Those who lived for any time in Tampa Bay hold former Tampa Bay Buccaneers coach Tony Dungy in high esteem. I’m sure the same can be said for those who live in Indianapolis where Dungy ended his NFL coaching career.
He is esteemed not only for his success on the football field – he was fired in Tampa, we should note – but for his character, character formed and molded by his Christian convictions. Dungy’s Christianity was not a PR image, but something real and deep impacting the life he lived. And people noticed.
But people also noticed with sadness that this righteous man had a son, a student at the University of South Florida, who in the depths of depression took his own life.
I don’t know much about Pastor Rick Warren, but controversy aside I sense that he, too, is a man who loves God and has sought to live faithfully before him. His son, like Dungy’s, has taken his life.
Pain and tragedy, and yes, the deep darkness of depression, does not spare the faithful in this broken world. My wife and I this morning recounted the names of those we have known who have taken their lives, attempted doing so, or have expressed the desire. It breaks our hearts.
I have often been asked by those trembling with the pain of suicidal loss to weigh in on their loved one’s eternal state. There is a tradition in Christianity suggesting that those who commit suicide go to hell.
When asked, I respond, I must respond, with a question: “What saves us – Jesus’ sinlessness or our own?” Clearly the Christian gospel trumpets “…nothing in my hands I bring / simply to thy cross I cling…”. Self murder is unquestionably a sin, a desperate, horrible, selfish abandonment of faith and hope. But it can no more undo the sufficiency of the work of Christ than any other sin. Jesus saves us, not our sinlessness. Those trusting Jesus are saved by him, even if their final act was a sin.
Some argue that suicide is different, that one cannot repent of the sin of suicide. But without diminishing the value and importance of regular repentance, of particular sins, particularly, nevertheless, our hope of salvation rests in Jesus not in repentance. Jesus, not repentance, saves us.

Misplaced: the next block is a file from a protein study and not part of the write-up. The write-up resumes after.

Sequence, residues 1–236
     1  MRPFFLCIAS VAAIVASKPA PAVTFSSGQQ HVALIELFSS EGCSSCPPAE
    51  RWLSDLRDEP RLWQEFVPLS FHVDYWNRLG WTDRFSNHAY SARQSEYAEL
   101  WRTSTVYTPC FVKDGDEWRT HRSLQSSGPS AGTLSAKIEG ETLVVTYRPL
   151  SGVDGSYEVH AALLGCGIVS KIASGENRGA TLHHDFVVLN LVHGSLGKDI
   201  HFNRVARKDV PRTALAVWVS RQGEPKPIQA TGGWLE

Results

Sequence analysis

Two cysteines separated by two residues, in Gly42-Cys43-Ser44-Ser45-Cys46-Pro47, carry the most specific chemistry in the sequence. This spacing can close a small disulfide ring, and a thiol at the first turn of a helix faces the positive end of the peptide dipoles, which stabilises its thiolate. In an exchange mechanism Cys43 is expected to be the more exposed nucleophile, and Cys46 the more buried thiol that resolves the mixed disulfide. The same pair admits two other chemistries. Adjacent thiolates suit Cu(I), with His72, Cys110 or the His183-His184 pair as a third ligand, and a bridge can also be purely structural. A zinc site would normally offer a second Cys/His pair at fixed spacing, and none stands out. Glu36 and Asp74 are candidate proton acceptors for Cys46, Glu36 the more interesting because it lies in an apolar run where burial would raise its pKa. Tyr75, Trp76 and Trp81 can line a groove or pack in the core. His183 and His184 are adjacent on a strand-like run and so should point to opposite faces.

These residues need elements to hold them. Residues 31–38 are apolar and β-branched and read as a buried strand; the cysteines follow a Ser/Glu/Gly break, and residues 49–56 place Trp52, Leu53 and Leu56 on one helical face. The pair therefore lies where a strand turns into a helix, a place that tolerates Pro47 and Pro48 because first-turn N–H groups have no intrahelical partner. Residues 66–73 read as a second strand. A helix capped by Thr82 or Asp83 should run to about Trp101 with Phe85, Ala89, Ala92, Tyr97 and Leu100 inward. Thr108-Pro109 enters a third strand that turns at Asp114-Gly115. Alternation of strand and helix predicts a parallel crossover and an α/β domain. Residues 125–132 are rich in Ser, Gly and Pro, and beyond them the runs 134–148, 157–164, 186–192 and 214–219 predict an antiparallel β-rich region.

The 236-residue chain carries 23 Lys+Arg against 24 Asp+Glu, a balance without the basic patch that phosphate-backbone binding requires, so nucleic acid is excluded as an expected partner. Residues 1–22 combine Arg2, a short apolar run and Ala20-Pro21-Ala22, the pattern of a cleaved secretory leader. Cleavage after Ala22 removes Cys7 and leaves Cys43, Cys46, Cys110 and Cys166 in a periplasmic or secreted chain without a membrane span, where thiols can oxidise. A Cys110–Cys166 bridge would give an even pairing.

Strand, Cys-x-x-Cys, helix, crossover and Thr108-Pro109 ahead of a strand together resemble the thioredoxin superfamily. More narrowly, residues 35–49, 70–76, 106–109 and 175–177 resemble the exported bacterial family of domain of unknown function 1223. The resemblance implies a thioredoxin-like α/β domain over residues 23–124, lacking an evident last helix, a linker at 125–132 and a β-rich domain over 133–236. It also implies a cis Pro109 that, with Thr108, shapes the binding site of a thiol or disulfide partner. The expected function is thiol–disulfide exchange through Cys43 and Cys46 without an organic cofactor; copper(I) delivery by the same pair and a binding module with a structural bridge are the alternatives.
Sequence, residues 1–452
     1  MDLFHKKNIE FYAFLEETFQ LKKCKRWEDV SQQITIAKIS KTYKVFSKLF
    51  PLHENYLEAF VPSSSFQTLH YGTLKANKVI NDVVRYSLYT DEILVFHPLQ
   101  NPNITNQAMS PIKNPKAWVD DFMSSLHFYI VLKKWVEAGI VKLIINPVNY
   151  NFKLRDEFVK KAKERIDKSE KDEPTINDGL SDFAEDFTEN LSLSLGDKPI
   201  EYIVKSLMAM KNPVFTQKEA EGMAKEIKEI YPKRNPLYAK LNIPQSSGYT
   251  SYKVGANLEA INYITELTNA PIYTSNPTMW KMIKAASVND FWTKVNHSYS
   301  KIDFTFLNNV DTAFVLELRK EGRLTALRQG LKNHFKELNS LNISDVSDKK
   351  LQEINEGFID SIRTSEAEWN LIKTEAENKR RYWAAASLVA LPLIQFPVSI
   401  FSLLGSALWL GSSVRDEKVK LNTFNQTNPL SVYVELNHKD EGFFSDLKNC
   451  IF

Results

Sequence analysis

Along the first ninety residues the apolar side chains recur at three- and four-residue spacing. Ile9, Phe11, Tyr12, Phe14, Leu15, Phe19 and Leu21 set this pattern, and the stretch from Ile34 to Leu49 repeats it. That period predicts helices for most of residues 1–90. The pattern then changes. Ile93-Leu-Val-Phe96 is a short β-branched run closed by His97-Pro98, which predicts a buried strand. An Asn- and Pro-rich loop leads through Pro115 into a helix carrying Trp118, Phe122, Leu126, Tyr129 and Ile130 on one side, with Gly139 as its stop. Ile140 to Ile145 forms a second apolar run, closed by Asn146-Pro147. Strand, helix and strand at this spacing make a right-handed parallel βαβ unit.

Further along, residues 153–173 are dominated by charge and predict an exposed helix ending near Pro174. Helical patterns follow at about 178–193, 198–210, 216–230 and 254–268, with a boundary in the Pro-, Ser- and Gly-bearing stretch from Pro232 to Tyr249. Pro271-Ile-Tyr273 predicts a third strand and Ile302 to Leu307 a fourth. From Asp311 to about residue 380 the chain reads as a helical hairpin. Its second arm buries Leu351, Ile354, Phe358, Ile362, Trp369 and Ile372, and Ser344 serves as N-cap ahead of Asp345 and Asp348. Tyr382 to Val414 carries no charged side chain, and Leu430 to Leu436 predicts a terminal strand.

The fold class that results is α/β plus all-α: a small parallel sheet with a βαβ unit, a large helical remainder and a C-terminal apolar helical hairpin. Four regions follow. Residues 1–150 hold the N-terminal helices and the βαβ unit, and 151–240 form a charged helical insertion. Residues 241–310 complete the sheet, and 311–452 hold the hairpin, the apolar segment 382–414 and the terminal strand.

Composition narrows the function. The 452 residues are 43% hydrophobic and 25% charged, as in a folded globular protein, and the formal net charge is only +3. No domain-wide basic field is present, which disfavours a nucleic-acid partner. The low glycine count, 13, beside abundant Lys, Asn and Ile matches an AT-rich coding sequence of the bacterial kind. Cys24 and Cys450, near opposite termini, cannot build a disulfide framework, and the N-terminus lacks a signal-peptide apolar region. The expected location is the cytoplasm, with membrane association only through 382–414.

Do we not, though, by speaking thus encourage the suicidal to hasten a path to peace that seems to otherwise always elude them? I have been asked bluntly, “If I killed myself, would I go to hell?” Warren reports his son saying, “Dad, I know I’m going to heaven. Why can’t I just die and end this pain?”
A superficial understanding of grace will always make sin seem easier. And yet, in reality, an understanding of the love of God behind grace makes sin ultimately harder. Love, not fear, best keeps us from sin.
And yet, we still sin. We forget his love and we act contrary to it. And some, in such a moment clouded by a deep darkness which others cannot comprehend, flee the pain in the only way they know how. Can we not see, though, that the Man whose cries of despair echoed from the cross probably understands that despair and darkness better than most? Jesus loves even, perhaps especially, the despairing.
Our hearts break. And that is a good thing, for only from broken hearts will flow words of grace, not law. My preaching, and your speaking, is to broken people, whose brokenness we cannot fathom, and often cannot see. We need to speak, and to hear, but one wonderful and comforting truth: the steadfast love of a gracious God.
O, Father, enable us to hear it and hold on to it.
In 2002 friend and fellow pastor Petros Roukas took his own life. Bryan Chapell’s funeral sermon on that occasion stares the demons head on and fills the occasion with grace.